In a statement to Parliament he said: “We are trialling a new feature of the access to work scheme. From today we shall be testing the use of personal budgets, which will allow disabled people who have received grants to decide exactly how and when the money can best be used to support their individual needs. That gives them more choice and more control over the support they receive to help them to start work, to stay in work, or even to start a business.”

The announcement follows a statement made by the Minister for Disabled People in March 2015, which was the result of negotiations about the scheme with our Access to Work special interest group.

15 JanDWP trials access by telephone for sign language users

People who use British Sign Language (BSL) can now contact the Department for Work and Pensions (DWP) via telephone.

DWP has begun a six month pilot of a service that allows people whose first or only language is BSL to contact DWP about Attendance Allowance and Disability Living Allowance (65+), Disability Living Allowance (under 65) and Access to Work. Following the pilot the Department intends to provide the service via the Crown Commercial Service framework agreement for language services.

The video relay service (VRS), provided by SignVideo, connects the deaf person to a sign language interpreter via a camera on a PC, laptop, tablet or smartphone. The hearing person at DWP will be connected to the interpreter via a telephone.

The service will be open to everyone during normal working hours. All someone has to do is click on the hyperlink on the relevant web page and they will be connected.

Jim Edwards, chair of the UK Council on Deafness, said: “The UK Council on Deafness is delighted DWP has taken this step to open up access for deaf people who use BSL. We trust the pilot will be successful and look forward to more government services becoming accessible, as they are in Scotland.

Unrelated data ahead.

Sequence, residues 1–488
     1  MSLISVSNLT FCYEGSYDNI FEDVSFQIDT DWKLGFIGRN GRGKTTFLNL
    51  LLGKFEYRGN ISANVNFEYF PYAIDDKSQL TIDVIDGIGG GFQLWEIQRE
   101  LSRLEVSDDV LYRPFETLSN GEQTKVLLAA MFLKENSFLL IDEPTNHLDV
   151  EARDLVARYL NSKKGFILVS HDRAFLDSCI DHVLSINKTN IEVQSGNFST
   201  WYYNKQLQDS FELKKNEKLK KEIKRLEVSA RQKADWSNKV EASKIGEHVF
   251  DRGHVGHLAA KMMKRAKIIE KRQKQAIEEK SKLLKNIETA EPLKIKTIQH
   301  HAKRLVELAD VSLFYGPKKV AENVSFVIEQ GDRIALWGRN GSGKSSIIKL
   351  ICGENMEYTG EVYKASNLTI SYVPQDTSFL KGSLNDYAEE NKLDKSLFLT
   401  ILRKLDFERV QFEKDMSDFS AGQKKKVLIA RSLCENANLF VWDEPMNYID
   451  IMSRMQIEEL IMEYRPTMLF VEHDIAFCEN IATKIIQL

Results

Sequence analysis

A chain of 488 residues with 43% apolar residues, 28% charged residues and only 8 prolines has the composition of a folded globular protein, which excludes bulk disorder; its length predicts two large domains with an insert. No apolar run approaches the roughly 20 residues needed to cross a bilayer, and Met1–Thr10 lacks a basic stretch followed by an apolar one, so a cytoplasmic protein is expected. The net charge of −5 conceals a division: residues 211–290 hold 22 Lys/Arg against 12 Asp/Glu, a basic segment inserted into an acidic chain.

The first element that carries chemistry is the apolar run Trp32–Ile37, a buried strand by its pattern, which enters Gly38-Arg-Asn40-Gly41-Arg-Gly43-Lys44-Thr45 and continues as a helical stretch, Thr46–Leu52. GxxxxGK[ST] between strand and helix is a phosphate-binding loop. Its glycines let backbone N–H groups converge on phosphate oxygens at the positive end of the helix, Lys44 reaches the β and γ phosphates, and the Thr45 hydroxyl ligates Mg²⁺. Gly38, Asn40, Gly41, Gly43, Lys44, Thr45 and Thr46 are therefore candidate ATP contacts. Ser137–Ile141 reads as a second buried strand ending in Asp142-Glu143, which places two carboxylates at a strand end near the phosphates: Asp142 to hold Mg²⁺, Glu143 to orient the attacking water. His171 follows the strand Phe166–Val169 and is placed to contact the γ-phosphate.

“We are also glad the Department has commissioned one of the companies that has voluntarily agreed to our standards for VRS. It means deaf people can be assured the interpreter will be registered with NRCPD or a member of SASLI, which means they will be properly qualified and follow a code of conduct.”

04 JanDWP seeks evidence for market review

The Department for Work and Pensions (DWP) is seeking evidence for a review of the communication and language support market. The Department today published the call for evidence. The deadline for submissions is 4 March 2016. The review is being led by DWP but covers

  • the whole of the UK;
  • all forms of support that enable communication between deaf, deafblind and hearing people; and
  • all settings, including education, employment, health and social care, the arts, and sport.

The review will seek to estimate current and future supply and demand in the UK, but international evidence is welcome. It will also consider the current and future impact of technology on the market, such as video relay services.

All interested organisations and individuals that have relevant information or experience are invited to make a submission. In particular, unpublished data and research are welcome.

Jim Edwards, chair of the UK Council on Deafness, said: “This review is the welcome outcome of collaboration between DWP and the deaf sector over the past two years. It’s great to see government departments and the UK Council on Deafness leading it together.

“The review will help us understand what we need to do to make sure deaf and deafblind people have equal access to all walks of life. I encourage anyone who has relevant evidence to send it to DWP.”

If you have any questions about the review, please contact DWP via dhes.comment@dwp.gsi.gov.uk.

The questions

What is the size and value of the demand for the different types of communication and language support in the UK?

How might this demand change in the future?

What is the number of communication and language professionals nationally and the type and level of skills that are on offer?

How might this supply change in the future?

What are the types of technology currently available that facilitate communication and the future developments in the pipeline?

How might an increasing uptake of both current technology and new developments affect the market for communication and language services in the future?